OCR for page 26
Repeated 15- or 60-Minute Exposures Callahan et al. (1986) exposed B6C3F1 mice and F344 rats to an average of 2,300 mg/m3 of M60A1 tank-generated exhaust and DF2 smoke for 15 or 60 min daily (5 days per week) for up to 13 weeks. Analysis of gas concentrations indicated an average of 4.4 ppm for NO2, 7.5 ppm for SO2, and 16 ppm for CO. CO2 did not exceed 1,000 ppm, and O2 did not go below 20%. The exposures were performed under static airflow conditions as described for the acute toxicity studies (Callahan et al. 1983). Toxicological, physiological, hematological, blood chemical, behavioral, reproductive, mutagenic, teratogenic, and pathological effects were evaluated. The only clinical sign of toxicity observed in the exposed rodents was hypoactivity following the 32 or more consecutive daily exposures. After the daily exposure ended, hypoactivity diminished within 24 hr. Carboxyhemoglobin levels in the exposed rodents did not exceed 11%. No gross pathological change was observed in exposed animals, but the incidence of mild-to-moderate pulmonary congestion increased as compared with controls. Exposed rats also had increased incidences of inflammatory and vascular lesions in nasal turbinates and tracheas. The respiratory-tract changes were of low severity and were not related to the duration of exposure. Therefore, the investigators did not consider the findings likely to be exposure-related. Repeated 4-Hour Exposures Lock et al. (1984) conducted a 13-week study to determine if there were cumulative toxic effects from repeated exposures to low concentrations of diesel-fuel smoke. Male and female Sprague-Dawley rats were exposed for 4 hr, twice a week for 13 weeks (26 exposures). The exposure pattern was meant to mimic what humans might experience in the field. Animals were observed either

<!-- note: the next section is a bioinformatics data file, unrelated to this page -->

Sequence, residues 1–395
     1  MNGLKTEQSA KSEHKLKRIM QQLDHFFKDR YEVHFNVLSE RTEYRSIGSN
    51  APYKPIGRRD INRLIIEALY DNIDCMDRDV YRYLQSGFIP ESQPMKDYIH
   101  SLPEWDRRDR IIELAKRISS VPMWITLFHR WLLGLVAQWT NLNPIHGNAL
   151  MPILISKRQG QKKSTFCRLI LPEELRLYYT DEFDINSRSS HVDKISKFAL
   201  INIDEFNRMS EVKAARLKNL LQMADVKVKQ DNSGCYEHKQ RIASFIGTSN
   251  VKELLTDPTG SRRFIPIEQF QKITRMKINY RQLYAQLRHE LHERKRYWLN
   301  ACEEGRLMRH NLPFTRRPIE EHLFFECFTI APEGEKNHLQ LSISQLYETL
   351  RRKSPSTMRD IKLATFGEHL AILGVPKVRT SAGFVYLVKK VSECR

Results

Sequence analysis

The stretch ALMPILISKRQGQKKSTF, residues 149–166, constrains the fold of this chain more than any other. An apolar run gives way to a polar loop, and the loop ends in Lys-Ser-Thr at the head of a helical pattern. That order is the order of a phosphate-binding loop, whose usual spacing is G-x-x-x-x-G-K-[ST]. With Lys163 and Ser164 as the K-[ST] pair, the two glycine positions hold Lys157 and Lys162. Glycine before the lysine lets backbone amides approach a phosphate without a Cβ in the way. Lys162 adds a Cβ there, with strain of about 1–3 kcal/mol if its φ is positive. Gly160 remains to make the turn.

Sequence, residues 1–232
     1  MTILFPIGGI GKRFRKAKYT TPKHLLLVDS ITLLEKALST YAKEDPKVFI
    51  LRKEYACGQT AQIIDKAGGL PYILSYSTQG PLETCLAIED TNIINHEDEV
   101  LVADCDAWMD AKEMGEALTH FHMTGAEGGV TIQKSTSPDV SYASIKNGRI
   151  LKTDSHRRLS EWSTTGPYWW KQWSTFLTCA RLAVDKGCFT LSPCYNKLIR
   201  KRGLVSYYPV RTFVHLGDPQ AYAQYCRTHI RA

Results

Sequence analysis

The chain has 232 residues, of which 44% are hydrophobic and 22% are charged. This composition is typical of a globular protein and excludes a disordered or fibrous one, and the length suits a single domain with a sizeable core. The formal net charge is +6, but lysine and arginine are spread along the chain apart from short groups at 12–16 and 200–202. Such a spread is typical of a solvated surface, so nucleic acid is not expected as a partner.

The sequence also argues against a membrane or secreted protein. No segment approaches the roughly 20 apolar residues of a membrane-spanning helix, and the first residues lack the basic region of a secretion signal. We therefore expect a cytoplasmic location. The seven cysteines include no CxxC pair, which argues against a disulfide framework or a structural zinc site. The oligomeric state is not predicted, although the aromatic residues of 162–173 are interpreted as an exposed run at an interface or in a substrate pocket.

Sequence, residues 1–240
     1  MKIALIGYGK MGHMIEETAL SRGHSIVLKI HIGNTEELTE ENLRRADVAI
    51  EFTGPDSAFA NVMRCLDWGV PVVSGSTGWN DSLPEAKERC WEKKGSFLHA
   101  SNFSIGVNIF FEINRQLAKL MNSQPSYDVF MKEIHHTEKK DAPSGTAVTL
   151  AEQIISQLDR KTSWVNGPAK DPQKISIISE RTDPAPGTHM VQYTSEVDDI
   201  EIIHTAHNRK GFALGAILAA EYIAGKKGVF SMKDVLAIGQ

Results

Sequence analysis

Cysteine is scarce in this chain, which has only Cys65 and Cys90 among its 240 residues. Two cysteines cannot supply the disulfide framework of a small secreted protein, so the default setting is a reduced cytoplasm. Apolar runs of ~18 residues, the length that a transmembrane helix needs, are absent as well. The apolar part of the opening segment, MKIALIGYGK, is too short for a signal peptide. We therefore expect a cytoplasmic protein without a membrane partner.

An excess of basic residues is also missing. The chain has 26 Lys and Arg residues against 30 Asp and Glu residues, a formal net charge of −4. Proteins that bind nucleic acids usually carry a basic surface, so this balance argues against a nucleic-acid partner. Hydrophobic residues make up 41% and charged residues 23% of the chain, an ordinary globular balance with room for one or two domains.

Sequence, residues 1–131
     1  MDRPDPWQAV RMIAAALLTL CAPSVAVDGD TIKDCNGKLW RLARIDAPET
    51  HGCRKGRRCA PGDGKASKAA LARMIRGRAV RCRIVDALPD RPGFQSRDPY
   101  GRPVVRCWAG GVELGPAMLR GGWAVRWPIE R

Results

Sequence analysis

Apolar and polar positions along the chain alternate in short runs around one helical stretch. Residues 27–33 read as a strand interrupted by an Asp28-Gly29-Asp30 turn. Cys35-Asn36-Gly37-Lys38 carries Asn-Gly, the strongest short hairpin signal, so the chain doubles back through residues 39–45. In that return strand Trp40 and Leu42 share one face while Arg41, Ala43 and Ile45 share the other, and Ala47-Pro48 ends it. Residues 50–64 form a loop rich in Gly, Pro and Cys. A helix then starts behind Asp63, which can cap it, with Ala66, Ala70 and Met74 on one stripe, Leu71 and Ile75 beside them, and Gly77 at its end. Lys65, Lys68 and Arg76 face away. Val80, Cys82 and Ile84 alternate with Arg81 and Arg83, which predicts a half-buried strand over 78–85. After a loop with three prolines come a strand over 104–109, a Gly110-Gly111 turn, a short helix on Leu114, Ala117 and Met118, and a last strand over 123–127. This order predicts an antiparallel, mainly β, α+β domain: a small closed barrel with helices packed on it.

OCR for page 26
5 days after the last exposure or after a recovery period of 2 months. Actual exposure concentrations of the smoke were 170, 870, and 1,600 mg/m3, as measured by infrared backscatter probes and averaged over the entire 4-hr exposure period. Observations made during the study included body weight, food consumption, breathing frequency, and startle reflex. After the last exposure, measurements and observations were made of the number of alveolar cells removed by lavage, clinical chemistry, pulmonary function, organ weights, and histopathology. An analysis of variance was conducted, and statistical significance was based on a significance level of 0.05. Body Weight. No deaths occurred during this study, nor were there any overt clinical signs of toxicity. Sham-exposed animals had an initial weight loss during the exposure and then returned to normal weight. The exposed animals also had an initial weight loss upon exposure, but continued to lose weight until the beginning of the fourth week of exposure. After the fourth week, the animals started to gain weight. The males exposed to the lowest concentration gained weight more rapidly than those in the two higher concentrations; females gained little weight throughout the exposure period. During the 2-month recovery period, females in all exposed groups grew more rapidly than males, so the end weights of the females were not different from those of the sham-exposed animals. On the other hand, males gained weight slowly, so only the lowest exposure group had body weights equal to those of the sham-exposed animals. Food consumption in rats of both sexes exposed to the lowest exposure concentration did not differ significantly from that in the sham-exposed group. In the two highest exposure groups, food consumption was less than that in the sham controls. Thus, in terms of weight loss, the aerosol concentrations used were above the no-observed-effect level. Neurological Effects. A startle-reflex assay was used to test the time to reaction and the force of response to a sharp auditory

OCR for page 26